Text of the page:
University of Virginia cognitive scientist Daniel Willingham sparked a lively Twitter conversation about the purpose of school with his tweet about whether schools should teach kids how to do their laundry. He wrote:
“A student can go to college w/out knowing how to boil water, drive a car, sew a button, use a hammer or do laundry. In the backlash to the gendered-ness of Home Economics, we forgot it teaches kids important skills—regardless of gender.” @Forbes https://t.co/Gyj1iaXC73— Phyllis Fagell, LCPC (@Pfagell) February 19, 2019
Willingham is not arguing that kids should not learn how to do laundry but is asking who should teach them. Clearly, he does not think it should be classroom teachers.
But what if nobody at home or in the community teaches them how to clean their own clothes? Is there a place in school for lessons on basic life skills? Is this asking schools to do more than they should — or a way to handle real problems as they present themselves in the classroom? Is the purpose of school to teach academics or more?
Consider the Jennings School District, which serves several thousand students in a low-income jurisdiction just north of St. Louis. Washington Post reporter Emma Brown wrote about this district a few years ago, noting that the superintendent at the time, Tiffany Anderson, made real gains after she decided to expand the idea of what her schools should provide and make them a focal point of their communities. She installed washers and dryers in schools so students could do their laundry (and learn how) and introduced a medical clinic, provided free groceries and offered families other support.
So what is the job of a school?
In support of Willingham’s tweet, one person asked:
Agree. This is mystifying. How about teaching tying shoelaces - is that up to teachers too?
Well, for those preschool students who do not have Velcro on their shoes and find their shoelaces undone, would it really be out of bounds for an educator to teach this? In fact, many already do.
Here’s part of the compelling Twitter discussion prompted by Willingham’s tweet. What do you think about all of this?
YES.— Eric Kalenze (@erickalenze) February 19, 2019
I have a chapter in my book called 'Too Scattered to Matter' that attempts to take this very thing on. You said it much better (and in many fewer words) than I did, AP. :)
In an ideal world yes! But what is wrong with learning cookery, sewing, DT etc at school??? Practical skills complement academic subjects and are a lifeline for the non academic!!!— Jax (@jordyjax) February 20, 2019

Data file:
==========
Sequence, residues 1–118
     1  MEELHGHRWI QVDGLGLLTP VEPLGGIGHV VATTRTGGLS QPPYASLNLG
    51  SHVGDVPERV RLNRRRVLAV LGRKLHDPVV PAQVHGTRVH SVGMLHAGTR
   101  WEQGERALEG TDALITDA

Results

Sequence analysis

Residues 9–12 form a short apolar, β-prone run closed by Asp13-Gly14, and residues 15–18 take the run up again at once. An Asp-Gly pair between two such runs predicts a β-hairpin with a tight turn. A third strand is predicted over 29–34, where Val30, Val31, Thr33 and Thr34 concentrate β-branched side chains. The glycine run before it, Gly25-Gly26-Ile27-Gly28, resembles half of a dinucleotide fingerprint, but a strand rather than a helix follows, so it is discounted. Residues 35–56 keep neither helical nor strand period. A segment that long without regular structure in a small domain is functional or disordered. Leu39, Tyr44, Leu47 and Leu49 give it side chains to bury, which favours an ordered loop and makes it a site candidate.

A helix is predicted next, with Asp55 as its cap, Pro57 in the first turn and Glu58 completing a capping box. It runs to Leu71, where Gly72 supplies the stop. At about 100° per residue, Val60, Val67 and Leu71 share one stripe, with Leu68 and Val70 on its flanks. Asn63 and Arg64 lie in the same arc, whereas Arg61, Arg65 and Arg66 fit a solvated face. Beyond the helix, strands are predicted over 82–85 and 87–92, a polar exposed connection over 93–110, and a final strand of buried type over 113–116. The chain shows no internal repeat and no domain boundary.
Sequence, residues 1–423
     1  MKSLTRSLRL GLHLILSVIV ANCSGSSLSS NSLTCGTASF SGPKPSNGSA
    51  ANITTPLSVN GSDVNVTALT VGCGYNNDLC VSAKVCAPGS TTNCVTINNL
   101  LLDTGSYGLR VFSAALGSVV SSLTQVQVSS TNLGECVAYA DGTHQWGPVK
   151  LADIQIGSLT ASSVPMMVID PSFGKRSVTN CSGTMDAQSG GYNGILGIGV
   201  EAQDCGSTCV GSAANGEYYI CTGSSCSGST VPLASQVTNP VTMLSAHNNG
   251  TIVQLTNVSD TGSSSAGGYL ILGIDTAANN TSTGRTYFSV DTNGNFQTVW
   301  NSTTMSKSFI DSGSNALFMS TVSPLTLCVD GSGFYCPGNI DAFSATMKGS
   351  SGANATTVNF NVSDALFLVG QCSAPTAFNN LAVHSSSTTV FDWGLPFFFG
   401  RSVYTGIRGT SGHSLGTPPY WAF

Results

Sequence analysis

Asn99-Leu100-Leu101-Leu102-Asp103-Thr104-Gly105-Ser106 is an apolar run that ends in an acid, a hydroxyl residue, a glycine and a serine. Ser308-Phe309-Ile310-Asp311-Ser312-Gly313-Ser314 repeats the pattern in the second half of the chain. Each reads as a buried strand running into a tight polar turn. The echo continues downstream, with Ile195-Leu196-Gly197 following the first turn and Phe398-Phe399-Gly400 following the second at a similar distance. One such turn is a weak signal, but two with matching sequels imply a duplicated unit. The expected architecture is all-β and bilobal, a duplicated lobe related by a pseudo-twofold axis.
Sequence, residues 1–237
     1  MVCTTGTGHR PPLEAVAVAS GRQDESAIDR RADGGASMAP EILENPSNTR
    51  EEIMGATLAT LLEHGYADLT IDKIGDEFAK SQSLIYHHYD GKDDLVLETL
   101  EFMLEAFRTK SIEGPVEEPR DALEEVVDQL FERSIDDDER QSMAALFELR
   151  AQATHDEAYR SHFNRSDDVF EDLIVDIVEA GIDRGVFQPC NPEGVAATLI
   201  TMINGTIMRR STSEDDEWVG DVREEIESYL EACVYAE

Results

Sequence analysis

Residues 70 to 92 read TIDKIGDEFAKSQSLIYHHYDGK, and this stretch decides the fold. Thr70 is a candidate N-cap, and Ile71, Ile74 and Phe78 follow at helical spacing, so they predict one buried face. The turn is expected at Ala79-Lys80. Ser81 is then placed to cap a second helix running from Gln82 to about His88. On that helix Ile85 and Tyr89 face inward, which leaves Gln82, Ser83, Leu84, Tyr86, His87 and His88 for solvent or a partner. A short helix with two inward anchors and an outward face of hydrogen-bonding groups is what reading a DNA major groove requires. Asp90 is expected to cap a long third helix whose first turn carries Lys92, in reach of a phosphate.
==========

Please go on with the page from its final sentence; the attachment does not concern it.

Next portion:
“School is meant to teach the knowledge of past generation”— Jeremy Negrey (@JeremyNegrey) February 20, 2019
This is NOT what school is for.
I’ve taught my daughter how to read and maths. Last year in yr 7 I had to buy a few text books so I could teach her the curriculum for a couple of subjects where she had useless teachers. And Ive also taught her how to cook, clean and do laundry.— Dyslexia Awareness (@sydney_dyslexia) February 20, 2019
What if your mom doesn’t know how? Or you don’t have a mom? And your lack of clean & appropriate attire (buttons on, ironed, etc.) keeps you from getting a job you’re qualified for?— Jeremy Negrey (@JeremyNegrey) February 20, 2019
Or how about financial literacy? There’s a cost to society for ppl who can’t manage money.
If you don't know how to boil water perhaps college isn't right for you.— Angie (@angelimanza) February 19, 2019
This is racism in a new form. Some students only deserve to learn laundry and how to use a hammer. That’ll keep them too busy to consider those AP classes.— Cheryl Dobbertin (@CherylDobbertin) February 19, 2019
There is a market for these life skills. It isn't universal but it does indeed exist.— I stampout ignorance (@stampingout) February 19, 2019
Public education reaches far more people and is funded by tax dollars, making it the only service that has a chance to reach most young people. I'm not saying that means it should be responsible for all of this, but when you move away from public education access becomes an issue— Jared Cosulich (@jaredcosulich) February 19, 2019
Agree. This is mystifying. How about teaching tying shoelaces - is that up to teachers too?— Max Coltheart (@maxcoltheart) February 19, 2019